My best friend and soul buddy was Tony Brown of Station Road. Next door to Tony lived Alan Fanton with whom I swapped comics. Also on Station Road, Brian Carver, Arnold Atkins, Ron Worth. We would often gather on Saturday mornings at Arnold's to listen to the omnibus of Dick Barton, Special Agent. Sometimes, Paul Temple and Valentine Dyall, in the Man in Black (terrifying).

Other Friends:

Tony Ball, Stan Garner, John Griffiths, Dave Harbidge, Pete Culpin and Alan Newman. Many others over the years I'm sure, but time dims the memories.

7

Teenage years and Work


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My education on leaving primary school continued at Market Bosworth Grammar. I did not particularly enjoy my time there. Latin was not for me and by the age of 14, I was itching to join the world of work. My mother, who found the cost of uniforms, books, sports equipment, etc. too much for the family budget (my sister was also there at the same time), "bought me out" when I was 14¾ years old.

A subject I was particularly interested in was metalwork and I started an apprenticeship at Marshlain Brothers, Oadby. After three years I was called up for my National Service (Army) and joined the Royal Electrical and Mechanical Engineers (REME) and served the rest of my apprenticeship at 2 Command Workshops REME in Gainsborough, Lincolnshire.

After demob, on returning to Civy Street, I worked at quite a few sheet metal firms in Leicester and Coventry.

My final workplace was Rolls-Royce Mountsorrel, where I enjoyed 23 years at this great firm. I feel privileged to have worked for them on aero engines.

Teenage years entertainment:

My friends and I would frequent Ratby cinema at least once a week, twice if we could afford it!

We nearly always walked there and back, often talking among ourselves about the films we had seen. Always two films, so we certainly had our money's worth.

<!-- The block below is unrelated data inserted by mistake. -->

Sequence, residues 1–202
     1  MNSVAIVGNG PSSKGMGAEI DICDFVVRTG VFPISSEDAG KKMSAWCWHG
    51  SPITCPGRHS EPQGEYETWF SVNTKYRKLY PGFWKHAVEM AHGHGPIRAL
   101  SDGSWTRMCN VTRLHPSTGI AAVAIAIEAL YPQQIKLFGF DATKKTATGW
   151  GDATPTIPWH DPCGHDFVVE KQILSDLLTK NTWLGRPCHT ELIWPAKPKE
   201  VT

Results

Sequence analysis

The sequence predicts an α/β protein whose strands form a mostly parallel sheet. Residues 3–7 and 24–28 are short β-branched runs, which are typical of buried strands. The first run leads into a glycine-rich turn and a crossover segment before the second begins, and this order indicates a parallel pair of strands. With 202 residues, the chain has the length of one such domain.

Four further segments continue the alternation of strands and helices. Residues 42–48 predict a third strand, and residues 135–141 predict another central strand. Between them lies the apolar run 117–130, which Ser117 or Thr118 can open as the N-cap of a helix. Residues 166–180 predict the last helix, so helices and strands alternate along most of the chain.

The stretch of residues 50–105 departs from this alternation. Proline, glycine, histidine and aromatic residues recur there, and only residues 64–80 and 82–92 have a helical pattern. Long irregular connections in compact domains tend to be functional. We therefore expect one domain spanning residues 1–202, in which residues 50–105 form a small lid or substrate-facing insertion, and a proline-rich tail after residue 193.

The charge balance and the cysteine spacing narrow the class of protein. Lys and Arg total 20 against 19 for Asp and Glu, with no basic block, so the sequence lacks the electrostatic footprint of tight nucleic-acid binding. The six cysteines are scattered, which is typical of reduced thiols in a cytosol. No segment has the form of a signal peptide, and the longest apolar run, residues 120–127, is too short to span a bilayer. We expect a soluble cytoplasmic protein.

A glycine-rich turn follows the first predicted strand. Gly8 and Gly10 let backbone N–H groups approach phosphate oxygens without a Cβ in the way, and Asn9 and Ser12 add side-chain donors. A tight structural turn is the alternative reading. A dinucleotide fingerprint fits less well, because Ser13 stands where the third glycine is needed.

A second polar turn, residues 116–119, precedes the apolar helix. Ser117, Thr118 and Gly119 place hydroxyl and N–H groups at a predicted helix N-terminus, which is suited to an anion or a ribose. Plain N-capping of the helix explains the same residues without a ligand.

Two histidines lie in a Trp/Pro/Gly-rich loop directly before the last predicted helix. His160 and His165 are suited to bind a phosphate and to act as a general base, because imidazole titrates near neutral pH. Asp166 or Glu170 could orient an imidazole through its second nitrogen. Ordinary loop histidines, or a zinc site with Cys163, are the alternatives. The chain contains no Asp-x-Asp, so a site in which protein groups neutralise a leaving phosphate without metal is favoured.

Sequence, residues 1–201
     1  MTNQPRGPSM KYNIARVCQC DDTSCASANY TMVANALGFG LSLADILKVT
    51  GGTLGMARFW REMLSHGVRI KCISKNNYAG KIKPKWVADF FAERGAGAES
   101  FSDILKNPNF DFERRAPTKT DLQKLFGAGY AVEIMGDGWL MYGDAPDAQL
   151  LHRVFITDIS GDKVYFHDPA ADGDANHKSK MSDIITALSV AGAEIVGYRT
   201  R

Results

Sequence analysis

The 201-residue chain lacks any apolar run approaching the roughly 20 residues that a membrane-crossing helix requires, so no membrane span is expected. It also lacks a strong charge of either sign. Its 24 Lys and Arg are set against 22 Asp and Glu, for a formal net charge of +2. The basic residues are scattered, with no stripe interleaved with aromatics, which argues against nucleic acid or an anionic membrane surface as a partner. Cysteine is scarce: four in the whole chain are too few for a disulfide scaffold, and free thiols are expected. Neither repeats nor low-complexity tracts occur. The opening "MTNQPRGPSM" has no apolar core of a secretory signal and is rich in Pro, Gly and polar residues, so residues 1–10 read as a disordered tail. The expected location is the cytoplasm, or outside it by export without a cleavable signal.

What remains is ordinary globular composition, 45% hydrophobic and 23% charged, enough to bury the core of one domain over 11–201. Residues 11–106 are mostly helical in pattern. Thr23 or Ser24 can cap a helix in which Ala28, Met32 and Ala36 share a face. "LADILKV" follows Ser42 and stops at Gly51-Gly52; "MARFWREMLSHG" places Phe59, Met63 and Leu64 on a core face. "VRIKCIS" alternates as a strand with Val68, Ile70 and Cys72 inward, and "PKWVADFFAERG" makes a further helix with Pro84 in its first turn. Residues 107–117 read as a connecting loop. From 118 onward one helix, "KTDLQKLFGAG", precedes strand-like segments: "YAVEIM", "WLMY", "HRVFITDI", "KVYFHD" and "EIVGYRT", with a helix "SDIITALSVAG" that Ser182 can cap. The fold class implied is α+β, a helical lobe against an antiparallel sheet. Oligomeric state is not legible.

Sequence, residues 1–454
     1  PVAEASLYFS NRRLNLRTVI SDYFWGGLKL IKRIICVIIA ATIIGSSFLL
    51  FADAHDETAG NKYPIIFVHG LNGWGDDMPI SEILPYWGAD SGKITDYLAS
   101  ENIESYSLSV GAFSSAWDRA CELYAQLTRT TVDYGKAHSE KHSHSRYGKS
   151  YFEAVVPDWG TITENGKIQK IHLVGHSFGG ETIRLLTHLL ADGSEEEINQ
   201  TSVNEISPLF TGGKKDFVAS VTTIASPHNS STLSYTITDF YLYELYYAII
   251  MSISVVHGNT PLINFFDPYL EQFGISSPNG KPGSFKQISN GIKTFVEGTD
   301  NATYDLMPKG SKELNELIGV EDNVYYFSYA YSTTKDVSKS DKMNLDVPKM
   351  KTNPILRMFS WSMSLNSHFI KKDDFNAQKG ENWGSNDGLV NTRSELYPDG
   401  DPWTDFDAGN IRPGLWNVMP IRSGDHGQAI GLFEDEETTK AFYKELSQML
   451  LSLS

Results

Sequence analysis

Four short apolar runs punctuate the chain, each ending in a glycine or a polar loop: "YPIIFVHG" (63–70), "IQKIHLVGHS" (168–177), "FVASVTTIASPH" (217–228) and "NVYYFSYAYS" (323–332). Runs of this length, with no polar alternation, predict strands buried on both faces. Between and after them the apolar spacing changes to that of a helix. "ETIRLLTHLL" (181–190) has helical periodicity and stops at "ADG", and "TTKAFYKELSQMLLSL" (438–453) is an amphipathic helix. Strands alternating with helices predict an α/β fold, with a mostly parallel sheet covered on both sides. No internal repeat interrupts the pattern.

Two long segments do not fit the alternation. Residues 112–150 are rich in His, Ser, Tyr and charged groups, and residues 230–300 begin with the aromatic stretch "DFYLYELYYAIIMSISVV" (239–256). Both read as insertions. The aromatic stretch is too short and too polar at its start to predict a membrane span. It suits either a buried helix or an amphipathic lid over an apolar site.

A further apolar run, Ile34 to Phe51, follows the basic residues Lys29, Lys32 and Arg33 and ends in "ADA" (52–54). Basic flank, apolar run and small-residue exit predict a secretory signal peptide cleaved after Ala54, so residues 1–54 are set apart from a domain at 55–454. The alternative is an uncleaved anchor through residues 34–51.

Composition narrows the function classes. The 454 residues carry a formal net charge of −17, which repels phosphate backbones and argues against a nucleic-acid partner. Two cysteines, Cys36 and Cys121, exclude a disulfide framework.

We did not go into Leicester as often until our late teens, when we would choose the best films we would like to see. Obviously we had bus fares to find, so Ratby was still popular with us.

Sometimes we went to the Palais, Humberstone Gate, for dancing and also to DeMontfort Hall, where I eventually met my wife Kathleen. 56 years now and ongoing!

8

Food in the War Years


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Well, I am still here, so food could not have been too bad, don't you think?

As I have mentioned a few times, my mother was a cook during her working life at various locations. Having a large family she was quite adaptable as regards making a meal from practically anything. I suppose this was the norm in most mothers during rationing.

I have been speaking with my sister and between us we have set a menu as it was, during those days. Breakfast was mainly porridge. Perhaps not enough sugar but filling! This will be followed by perhaps a round of toast and tea (never coffee). The toast would have dripping on it if available. No cereals. (Did anyone have cereals? I'm not sure).

During school days we had what became known as school dinners, even though it was midday. These dinners were nourishing and not to be missed, apart from one particular day, which you know about!! Good meals. Meat and veg plus steamed pudding and custard.

When schools were closed for holidays, mother used to cook things like rabbit stew, rice pudding, steam roly-poly, apple dumplings etc. Fish was on the menu quite often as it was plentiful.

Leicester market always seemed to have a good supply of rabbits and fish and it was quite an adventure to go there and see everything on display.

Also at school - half pint of milk per child before the midday meal. [Editor's note: the School Milk Act of 1946 provided 1/3 pint of free milk per child]. Concentrated orange juice and malt extract for each child was supplied by the government.

Sunday breakfast was a highlight of the week, as my dad kept a few chickens in the back garden, so we had an egg each, possibly boiled but I'm not sure. We grew quite a lot of veg - cabbages, leaks, and potatoes mainly, and we also had a damson tree, which supplied Mum with fruit for jam. I have eaten enough damson jam to last me a lifetime!

As my mother was one of six daughters of my maternal grandmother, there were a lot of exchanges of food during visits. A jar of jam for a jar of pickles etc.

Although many people had allotments, most houses in Kirby had large gardens and they use them to capacity.

My favourite dishes cooked by my Mum were stew and dumplings and home-made rice puddings. I still enjoy these now, and also macaroni cheese.

I asked my sister about recipes. Her reply was "good God no". Scales? "No, all done by hand measurements, and experience”. No one complained about the food. If you did, it was your turn to cook next week!

I do not recall things changing too much after rationing, which in some cases was not until the 1950s. Sweets were obviously very popular when they became more available, which was a good/bad thing.